An old, wise person had watched this group of young men cross and came near and announced that no one had drowned. The leader, relieved, hastily announced that all was well, no one was lost after all. Another student more skeptical asked, “How can you say so, when we have already counted? Have you seen him?” The leader said, “No, but I believe this respected gentleman.” At this point the knowledge is indirect, called paroksha jňāman, of the tenth man. Now the leader, whose mind was agitated (now a days this is perpetual) at the loss, is in a calmer state. This relaxed frame of mind is a receptive mind—ready for knowledge. Also Śraddha (a faith about the correctness of the indirect knowledge a hypothesis before the proof) helps us to give a particular teaching time to prove itself. The story continues: The old wise man asks the leader to collect all the students and have them form a line. With a sinking heart the leader forces himself to count the students one more time up to nine and turns and looks with tears beginning to appear in his already red eyes and asks, “Sir, where is the tenth man?” The wise old man says “Tat twam asi.” That thou art. So you are the tenth man, the one you are seeking—you just forgot to count yourself.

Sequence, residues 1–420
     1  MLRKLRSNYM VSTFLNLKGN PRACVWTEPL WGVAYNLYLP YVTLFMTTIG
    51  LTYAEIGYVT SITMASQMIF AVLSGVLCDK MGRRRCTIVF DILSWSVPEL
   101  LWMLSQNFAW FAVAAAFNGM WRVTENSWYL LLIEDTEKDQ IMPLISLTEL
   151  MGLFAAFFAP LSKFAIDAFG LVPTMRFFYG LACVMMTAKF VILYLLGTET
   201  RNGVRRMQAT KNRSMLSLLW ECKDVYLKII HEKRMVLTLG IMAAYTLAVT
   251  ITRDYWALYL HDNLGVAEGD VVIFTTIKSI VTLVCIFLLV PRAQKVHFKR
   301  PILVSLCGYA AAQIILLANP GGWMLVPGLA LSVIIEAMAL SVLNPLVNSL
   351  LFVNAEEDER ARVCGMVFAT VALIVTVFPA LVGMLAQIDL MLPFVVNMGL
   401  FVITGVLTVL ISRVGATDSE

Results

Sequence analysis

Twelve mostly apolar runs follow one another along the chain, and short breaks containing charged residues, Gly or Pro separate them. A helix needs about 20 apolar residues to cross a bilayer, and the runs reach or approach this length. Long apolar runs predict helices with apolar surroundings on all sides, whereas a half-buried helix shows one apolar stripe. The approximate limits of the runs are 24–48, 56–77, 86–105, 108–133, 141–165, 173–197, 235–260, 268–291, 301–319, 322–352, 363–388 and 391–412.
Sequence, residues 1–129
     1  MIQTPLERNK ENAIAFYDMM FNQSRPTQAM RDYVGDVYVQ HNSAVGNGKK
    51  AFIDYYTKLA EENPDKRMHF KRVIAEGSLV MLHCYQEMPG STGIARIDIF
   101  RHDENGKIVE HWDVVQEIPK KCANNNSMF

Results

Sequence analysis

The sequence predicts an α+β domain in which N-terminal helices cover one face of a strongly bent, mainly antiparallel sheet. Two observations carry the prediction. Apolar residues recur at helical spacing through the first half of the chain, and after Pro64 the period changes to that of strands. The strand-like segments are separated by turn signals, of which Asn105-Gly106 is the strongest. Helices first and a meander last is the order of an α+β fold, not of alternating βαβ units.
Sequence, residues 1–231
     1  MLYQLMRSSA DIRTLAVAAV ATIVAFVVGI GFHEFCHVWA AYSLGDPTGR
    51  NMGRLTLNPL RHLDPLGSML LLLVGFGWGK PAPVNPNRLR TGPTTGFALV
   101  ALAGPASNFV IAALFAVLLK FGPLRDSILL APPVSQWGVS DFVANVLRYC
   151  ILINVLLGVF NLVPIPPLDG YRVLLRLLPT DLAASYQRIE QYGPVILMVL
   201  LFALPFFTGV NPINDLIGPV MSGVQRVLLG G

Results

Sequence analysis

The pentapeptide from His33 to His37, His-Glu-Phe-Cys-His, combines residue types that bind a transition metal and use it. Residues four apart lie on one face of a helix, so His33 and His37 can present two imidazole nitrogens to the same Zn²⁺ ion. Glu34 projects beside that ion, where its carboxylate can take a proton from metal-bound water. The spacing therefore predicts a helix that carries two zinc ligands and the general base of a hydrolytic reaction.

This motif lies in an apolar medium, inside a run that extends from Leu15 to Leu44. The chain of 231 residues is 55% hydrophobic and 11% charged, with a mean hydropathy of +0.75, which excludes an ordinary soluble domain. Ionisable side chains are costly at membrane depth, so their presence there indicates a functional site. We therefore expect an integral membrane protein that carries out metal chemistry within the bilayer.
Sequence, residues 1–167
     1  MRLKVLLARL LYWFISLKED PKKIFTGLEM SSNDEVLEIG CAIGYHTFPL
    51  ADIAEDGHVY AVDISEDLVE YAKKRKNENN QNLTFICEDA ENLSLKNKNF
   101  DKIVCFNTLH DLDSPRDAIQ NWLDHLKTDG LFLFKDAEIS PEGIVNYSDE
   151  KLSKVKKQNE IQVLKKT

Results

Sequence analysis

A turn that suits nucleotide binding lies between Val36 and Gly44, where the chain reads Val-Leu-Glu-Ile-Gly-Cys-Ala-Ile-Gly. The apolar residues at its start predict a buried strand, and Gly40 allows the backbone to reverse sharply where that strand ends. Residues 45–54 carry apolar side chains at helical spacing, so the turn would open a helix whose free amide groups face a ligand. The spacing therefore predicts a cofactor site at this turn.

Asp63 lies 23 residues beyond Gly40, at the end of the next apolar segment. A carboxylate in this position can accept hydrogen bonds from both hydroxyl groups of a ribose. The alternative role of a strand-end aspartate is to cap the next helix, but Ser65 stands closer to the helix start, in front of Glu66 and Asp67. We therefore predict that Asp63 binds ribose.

Any seeking is a denial of the presence of the sought. In the above story the seeker is the sought. Quite like the real “self” for one never looks for it within oneself where it is ever present as a witness to all that goes on in life.

When an individual becomes a mumuksu (a seeker), a teacher who is well versed in the methodology of Vedanta Śāstrā must be found to lift the veil of māyā (relative reality as opposed to absolute reality). The teacher imparts the knowledge about the “self” being the same as God by creating a context of interrelated conditions surrounding the words. Just like in our story, the leader was made to commit the mistake a second time, but was guided to the realization of his mistake by another person who was not agitated or afraid of having lost one person! A Guru is able to lead us out of the mirage of Samsara/bhava sagar or confusion and hurt that the world causes to most.